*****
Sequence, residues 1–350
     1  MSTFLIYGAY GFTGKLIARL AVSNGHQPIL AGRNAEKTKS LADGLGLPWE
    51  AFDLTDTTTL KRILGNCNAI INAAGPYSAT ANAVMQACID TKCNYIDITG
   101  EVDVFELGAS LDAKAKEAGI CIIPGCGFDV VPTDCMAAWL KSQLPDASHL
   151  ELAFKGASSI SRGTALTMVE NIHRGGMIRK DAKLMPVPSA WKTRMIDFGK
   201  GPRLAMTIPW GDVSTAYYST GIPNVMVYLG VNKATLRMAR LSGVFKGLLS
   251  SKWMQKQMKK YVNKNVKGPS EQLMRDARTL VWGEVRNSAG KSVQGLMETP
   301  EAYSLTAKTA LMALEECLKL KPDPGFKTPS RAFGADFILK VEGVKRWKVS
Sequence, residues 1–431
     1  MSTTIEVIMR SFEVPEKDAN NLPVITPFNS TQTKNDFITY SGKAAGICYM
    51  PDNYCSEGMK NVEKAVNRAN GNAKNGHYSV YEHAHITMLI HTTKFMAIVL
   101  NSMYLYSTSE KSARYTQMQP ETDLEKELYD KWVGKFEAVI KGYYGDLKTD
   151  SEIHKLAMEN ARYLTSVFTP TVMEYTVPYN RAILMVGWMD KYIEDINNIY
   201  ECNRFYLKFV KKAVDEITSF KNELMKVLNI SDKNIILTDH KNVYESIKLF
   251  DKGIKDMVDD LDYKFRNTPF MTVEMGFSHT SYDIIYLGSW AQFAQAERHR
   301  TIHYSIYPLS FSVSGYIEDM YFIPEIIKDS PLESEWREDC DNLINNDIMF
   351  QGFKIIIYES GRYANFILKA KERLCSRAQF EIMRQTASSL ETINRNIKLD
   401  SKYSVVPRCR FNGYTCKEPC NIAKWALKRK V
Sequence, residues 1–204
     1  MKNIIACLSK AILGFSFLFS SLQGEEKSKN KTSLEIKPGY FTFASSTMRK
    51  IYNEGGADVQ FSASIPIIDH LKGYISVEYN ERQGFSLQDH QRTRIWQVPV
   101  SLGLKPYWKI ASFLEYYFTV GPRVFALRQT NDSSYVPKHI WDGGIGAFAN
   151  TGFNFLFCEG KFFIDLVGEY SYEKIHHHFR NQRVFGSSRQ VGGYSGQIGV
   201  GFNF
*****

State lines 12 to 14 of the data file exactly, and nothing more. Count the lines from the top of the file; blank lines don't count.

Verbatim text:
   101  NSMYLYSTSE KSARYTQMQP ETDLEKELYD KWVGKFEAVI KGYYGDLKTD
   151  SEIHKLAMEN ARYLTSVFTP TVMEYTVPYN RAILMVGWMD KYIEDINNIY
   201  ECNRFYLKFV KKAVDEITSF KNELMKVLNI SDKNIILTDH KNVYESIKLF